Contract for Deed Law in Texas? - Posted by Dickie L. Taylor

Posted by Michel (TX) on January 29, 2002 at 17:47:38:

Info received from Legalwiz

Legalwiz -

Texas Investors:

While you were sleeping, your government has enacted
sweeping legislation affecting land contracts (aka “contracts for

A complete copy can be downloaded from my web site in RTF
format at

The most significant changes are as follows:

  1. You are required to give a land contract buyer a 14 day right of
    recission (that is, 14 days to find an attorney to kill the deal!)

  2. Upon default, a buyer gets 60 days to cure, rather than 15, 30,
    45 & 60 under the old law. If the buyer has paid 40% down or 48
    payments, the seller must do a trustee foreclosure (which is
    fairly quick in TX).

  3. If you negotiate a deal with a person in Spanish, you need to
    write the land contract in Spanish.

  4. You have to give a big fat, disclosure BEFORE signing the
    land contract, which includes a copy of a survey, copies of all
    existing liens, copies of recorded covenants & restrictions, and a
    statement that recommends the buyer get title insurance. A copy
    of the complete disclosure can be found in the statute.

  5. You must disclose annually in writing before Jan 31st the amt
    of interest paid, balance due, taxes and insurance paid, etc for
    the previous year. Failure to comply is a $250/day fine! This
    provision is retroactive, that is, it applies to EXISTING contracts!

  6. Seller must disclose the financing terms (similar to a Federal
    Truth in Lending).

  7. Late payments cannot exceed 8% of the monthly payment or
    actual administrative costs, whichever is LESS. The law forbids
    pre-payment penalties!

  8. The seller must provide a certificate that taxes are current and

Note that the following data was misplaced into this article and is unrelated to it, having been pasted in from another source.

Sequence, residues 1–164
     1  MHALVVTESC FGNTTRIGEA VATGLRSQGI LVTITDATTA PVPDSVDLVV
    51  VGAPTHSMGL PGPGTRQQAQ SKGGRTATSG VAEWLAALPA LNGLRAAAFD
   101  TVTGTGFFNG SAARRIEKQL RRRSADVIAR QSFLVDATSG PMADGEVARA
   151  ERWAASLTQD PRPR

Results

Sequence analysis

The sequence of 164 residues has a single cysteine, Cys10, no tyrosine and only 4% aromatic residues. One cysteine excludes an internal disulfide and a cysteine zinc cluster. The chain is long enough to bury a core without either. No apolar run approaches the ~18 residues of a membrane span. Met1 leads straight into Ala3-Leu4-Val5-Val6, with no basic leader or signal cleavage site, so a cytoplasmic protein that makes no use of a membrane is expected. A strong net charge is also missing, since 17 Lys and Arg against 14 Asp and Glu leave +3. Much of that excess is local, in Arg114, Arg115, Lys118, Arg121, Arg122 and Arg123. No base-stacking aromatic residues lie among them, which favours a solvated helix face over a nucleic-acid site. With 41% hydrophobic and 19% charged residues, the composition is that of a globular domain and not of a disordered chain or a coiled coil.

proof of insurance to the buyer.

  9. The seller mnust notify the insurance company about the
    contract and add the buyer as a named insured within 10 days of
    the contract.

  10. The contract must be recorded within 30 days (although,
    interestingly, the statute provides no specific penalty for failing to
    do so!)

These changes are the basics . . .

Please read over the statute and comply. It really doesn’t change
that much, other than the length of time to get a defaulting buyer
out of possession and the amt of paperwork you must deal with
at closing.

The law apparently applies to all new contracts after 9/1/2001.
Some of the provisions apply to all existing contracts, which may
not be legal, since it clearly violates the provision of the United
State Constitution which forbids the government from passing
laws that imair existing contracts between private citizens. I
would not be suprised to see lawyers challenging whether the
law can be enforced retroactively.

Contract for Deed Law in Texas? - Posted by Dickie L. Taylor

Posted by Dickie L. Taylor on January 29, 2002 at 16:36:26:

Can someone tell me where to find the ammended law in Texas for contract for deed sellers and buyers?